It is not a simple matter to upgrade security measures adequately, since the majority of the world's research reactors are located in universities or other research centers that tend to be quite open to the public. While security concerns have dramatically increased since 9/11, it is difficult to reconfigure a site that was not built with physical protection in mind. Storage of spent fuel stocks is generally even less secure than fresh fuel stocks, as until a few years ago spent nuclear fuel was considered "self-protecting" and few facilities wanted to spend money securing a material that was no longer of economic value. It is far more effective to remove this material from vulnerable locations than to attempt to increase security on-site.

PROGRAMS TO REDUCE AND ELIMINATE HEU

There have been efforts to reduce the amount of HEU at civilian facilities since 1978, when Washington initiated the Reduced Enrichment for Research and Test Reactors (RERTR) Program. Moscow also began its own program to reduce enrichment at Soviet-built research reactors outside of the Soviet Union, and changed its HEU export policies, supplying these reactors with 36% HEU in lieu of 80% HEU. In the past 25 years, many countries have cooperated with the RERTR program or initiated their own, similar programs. In May 2004, the U.S. Department of Energy launched the Global Threat Reduction Initiative (GTRI), which the IAEA, Russia, and others have since joined. Among its goals, the GTRI seeks to "minimize and eventually eliminate any reliance on HEU in the civilian fuel cycle, including conversion of research and test reactors worldwide from the use of HEU to the use of LEU fuel and targets."

In addition to converting research reactors that use HEU fuel, the RERTR program is also working on the conversion of six medical isotope producers that use HEU targets in their reactors. The program includes the four largest producers of medical isotopes, located in Belgium, Canada, the Netherlands, and South Africa. The RERTR program helped convert an isotope production reactor in Argentina to LEU in 2003, however, the Argentine reactor only produced medical isotopes on a relatively small scale. There are no longer any technical barriers to conversion to LEU, as the conversion of the South African reactor demonstrates; only political and financial issues remain.[18]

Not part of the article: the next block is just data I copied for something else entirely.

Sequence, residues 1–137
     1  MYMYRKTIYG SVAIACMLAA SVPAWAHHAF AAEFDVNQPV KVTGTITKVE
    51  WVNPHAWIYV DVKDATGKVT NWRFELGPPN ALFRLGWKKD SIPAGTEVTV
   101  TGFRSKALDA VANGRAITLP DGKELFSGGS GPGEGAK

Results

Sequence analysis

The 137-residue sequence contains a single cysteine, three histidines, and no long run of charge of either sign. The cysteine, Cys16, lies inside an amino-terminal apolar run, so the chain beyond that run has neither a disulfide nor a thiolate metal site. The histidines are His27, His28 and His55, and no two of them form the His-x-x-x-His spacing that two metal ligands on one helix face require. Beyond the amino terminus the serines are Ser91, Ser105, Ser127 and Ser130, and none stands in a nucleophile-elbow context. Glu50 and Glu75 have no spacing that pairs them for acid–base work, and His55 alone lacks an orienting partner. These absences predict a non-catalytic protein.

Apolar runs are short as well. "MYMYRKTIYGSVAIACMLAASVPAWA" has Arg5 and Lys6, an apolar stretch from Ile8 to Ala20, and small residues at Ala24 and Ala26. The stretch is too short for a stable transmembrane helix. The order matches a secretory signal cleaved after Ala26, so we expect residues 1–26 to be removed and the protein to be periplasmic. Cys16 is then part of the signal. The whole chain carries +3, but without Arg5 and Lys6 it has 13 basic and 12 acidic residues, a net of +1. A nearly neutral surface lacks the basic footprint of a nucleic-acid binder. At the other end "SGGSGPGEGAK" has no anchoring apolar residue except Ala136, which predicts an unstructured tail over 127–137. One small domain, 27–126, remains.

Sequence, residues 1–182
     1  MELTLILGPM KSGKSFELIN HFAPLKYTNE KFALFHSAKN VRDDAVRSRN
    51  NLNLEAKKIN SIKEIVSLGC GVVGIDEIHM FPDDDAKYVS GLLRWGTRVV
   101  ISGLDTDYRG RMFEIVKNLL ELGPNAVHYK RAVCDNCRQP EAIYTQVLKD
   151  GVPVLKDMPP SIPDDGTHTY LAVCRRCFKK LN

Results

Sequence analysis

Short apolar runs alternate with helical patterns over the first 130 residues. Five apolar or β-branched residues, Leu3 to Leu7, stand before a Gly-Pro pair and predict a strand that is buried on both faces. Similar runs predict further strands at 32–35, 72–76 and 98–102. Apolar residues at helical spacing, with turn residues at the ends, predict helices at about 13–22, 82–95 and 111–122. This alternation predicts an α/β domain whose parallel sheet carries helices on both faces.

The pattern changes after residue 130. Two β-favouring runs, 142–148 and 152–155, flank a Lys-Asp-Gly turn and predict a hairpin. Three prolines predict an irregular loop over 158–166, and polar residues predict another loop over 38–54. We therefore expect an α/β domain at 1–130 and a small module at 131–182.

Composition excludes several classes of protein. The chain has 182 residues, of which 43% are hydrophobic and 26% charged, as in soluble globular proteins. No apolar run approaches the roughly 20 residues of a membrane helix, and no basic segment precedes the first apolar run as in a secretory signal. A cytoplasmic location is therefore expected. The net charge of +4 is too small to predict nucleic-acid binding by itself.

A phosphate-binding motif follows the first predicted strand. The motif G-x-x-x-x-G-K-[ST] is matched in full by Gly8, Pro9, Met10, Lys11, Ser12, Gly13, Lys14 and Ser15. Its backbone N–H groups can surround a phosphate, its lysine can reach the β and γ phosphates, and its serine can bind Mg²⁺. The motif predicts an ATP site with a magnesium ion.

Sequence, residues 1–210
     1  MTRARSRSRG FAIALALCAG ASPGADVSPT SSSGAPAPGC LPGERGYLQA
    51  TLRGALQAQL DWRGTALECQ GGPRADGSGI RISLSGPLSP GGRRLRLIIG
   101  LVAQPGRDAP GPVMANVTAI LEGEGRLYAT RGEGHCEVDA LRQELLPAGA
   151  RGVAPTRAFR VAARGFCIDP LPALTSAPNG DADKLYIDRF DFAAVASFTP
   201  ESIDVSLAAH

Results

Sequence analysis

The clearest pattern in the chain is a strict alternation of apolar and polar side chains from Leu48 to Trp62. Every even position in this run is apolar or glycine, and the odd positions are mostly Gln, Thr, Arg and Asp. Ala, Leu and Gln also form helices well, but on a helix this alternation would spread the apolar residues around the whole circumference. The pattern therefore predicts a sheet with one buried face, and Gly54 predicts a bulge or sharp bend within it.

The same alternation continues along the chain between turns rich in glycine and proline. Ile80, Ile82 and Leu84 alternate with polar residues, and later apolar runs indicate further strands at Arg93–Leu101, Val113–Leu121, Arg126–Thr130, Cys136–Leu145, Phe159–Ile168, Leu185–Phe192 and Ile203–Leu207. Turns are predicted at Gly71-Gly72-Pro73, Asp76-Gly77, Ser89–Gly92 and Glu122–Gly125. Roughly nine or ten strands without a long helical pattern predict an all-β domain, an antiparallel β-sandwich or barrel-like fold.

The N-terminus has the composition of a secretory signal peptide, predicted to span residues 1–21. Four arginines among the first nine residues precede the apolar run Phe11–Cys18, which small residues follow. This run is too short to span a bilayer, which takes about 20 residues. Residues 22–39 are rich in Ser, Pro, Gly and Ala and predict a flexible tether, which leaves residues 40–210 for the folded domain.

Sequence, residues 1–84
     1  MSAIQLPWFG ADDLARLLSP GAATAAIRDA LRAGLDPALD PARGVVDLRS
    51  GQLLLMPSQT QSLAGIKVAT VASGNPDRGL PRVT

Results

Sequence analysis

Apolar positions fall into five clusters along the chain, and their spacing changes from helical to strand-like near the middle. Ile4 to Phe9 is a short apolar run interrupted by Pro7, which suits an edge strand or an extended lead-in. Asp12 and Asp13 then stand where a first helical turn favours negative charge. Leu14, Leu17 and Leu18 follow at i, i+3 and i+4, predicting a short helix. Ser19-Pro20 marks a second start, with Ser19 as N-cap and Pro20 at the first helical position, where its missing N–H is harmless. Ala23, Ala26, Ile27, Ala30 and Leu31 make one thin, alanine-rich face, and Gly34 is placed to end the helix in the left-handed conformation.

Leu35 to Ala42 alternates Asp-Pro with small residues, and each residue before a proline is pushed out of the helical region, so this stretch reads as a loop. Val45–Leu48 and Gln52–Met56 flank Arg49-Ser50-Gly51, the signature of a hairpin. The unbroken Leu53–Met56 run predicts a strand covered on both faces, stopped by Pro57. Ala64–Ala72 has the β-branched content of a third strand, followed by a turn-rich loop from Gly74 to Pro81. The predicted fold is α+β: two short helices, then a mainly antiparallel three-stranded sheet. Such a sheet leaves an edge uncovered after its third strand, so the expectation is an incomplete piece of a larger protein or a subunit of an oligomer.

Besides converting facilities to use LEU fuel, there have also been efforts to consolidate fresh and spent HEU fuel at a smaller number of relatively secure locations. This has involved removing the fuel, mostly to the United States and Russia, from other countries, as well as consolidating the fuel within countries. U.S. programs in this area (the Russian Research Reactor Fuel Return program to assist in the repatriation of fuel to Russia, and the Foreign Research Reactor Spent Nuclear Fuel Acceptance Program, whereby U.S.-origin fuel is repatriated to the United States), have all been subsumed under the 2004 GTRI initiative. Together, the two programs have returned over 1,820 kilograms of spent and fresh HEU fuel to the United States and Russia since 2004.[19] According to the IAEA's definition of the quantity of HEU necessary to construct a nuclear explosive device, the amount of repatriated HEU is equivalent to over 70 weapons.[20] Despite this progress, however, many HEU sites persist worldwide. A related program, the Material Consolidation and Conversion (MCC) project, established in 1999, reduces excess Russian civilian HEU by blending it down into LEU. As of January 2009, 11.1 of an estimated 17 tons of U-235 in excess Russian civilian HEU had been blended down.[21]